There are so many things I am at once extremely grateful for, yet take for granted on a regular basis.
My wife and both got pregnant relatively easily. Our children are healthy. We live in a country where not only are we protected as gay individuals, but where our family is recognized and protected.
Honestly, as a born and bred Canadian, it's easy to overlook this one.
This week my Facebook news feed has blown up with profile pictures featuring the red equals sign and posts about the SCOTUS hearing. The one that has the potential to grant (or continue to deny) same-sex couples rights that most heterosexual couples take completely for granted. Rights about what happens if their spouse dies. Rights about recognizing non-gestational parents as parents.
It is absolutely horrifying to me to think that if my son had been born in the U.S. rather than Canada that I would not be recognized as his parent. That I would have to go out of my way to complete a second parent adoption and/or jump through other ridiculous hoops to attempt to have a legal right to him as my son.
I saw someone comment on one of my friend's posts something along the lines of, "at least those of us who matter recognize you as a parent." I had to bite my tongue. Well-intentioned as the message was, it's not really true. Yes, it is wonderful and does matter to have the support of the people in our everyday lives, but if something were to happen (death, divorce, etc.) that support wouldn't do much at all. There has to be legal protection and protocol in place to protect our families. That is why this SCOTUS ruling matters. That is why all the American lesbian moms I know are holding their collective breath to see what happens over the following weeks and months. It impacts their lives and the lives of their children.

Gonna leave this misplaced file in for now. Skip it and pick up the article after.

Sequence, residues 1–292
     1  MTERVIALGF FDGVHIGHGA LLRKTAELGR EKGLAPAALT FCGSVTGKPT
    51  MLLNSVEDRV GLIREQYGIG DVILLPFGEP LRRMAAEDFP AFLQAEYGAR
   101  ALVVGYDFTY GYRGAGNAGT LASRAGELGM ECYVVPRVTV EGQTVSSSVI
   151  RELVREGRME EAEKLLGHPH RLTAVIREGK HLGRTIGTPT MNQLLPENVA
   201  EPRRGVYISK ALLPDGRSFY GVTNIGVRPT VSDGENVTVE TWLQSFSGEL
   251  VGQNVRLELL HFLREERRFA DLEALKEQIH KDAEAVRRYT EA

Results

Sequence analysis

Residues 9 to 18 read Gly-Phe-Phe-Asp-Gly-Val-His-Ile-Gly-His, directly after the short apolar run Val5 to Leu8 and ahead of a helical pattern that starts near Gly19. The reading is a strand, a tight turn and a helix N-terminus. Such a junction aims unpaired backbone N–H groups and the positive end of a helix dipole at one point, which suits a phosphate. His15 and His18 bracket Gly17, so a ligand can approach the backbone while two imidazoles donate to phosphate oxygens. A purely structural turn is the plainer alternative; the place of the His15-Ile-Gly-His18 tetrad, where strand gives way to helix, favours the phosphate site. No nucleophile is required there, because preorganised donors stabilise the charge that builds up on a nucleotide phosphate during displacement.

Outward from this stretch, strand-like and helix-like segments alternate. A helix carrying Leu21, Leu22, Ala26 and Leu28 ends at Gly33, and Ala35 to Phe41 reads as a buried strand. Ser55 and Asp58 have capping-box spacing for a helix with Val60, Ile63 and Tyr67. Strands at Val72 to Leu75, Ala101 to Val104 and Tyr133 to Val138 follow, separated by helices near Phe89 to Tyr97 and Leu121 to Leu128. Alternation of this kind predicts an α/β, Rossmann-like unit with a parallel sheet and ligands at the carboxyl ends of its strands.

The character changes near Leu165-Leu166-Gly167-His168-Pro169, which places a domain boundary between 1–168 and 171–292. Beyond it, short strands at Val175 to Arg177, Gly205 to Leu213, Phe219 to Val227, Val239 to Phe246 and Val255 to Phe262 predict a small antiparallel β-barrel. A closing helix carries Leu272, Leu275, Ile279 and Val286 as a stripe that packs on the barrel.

Since I'm married to an ex-pat I can truthfully say it impacts the lives of our children as well, though certainly not to the same extent. We've put off getting our kids U.S. citizenship since while it should be easy for our son as Jen's biological child, we would have to jump through some of the aforementioned hoops for our daughter who I carried. It would be reassuring to know that if our children were injured while travelling in the States, that either one of us would be able to make medical decisions for them, never mind just being allowed to see them in the hospital.
So, I am also holding my breath. For my friends. For my family. For rights that I usually take for granted, but know many are still struggling to achieve. Let's hope a collective exhale can be released soon, with a sigh of relief.
This post has been edited to remove the children's names.
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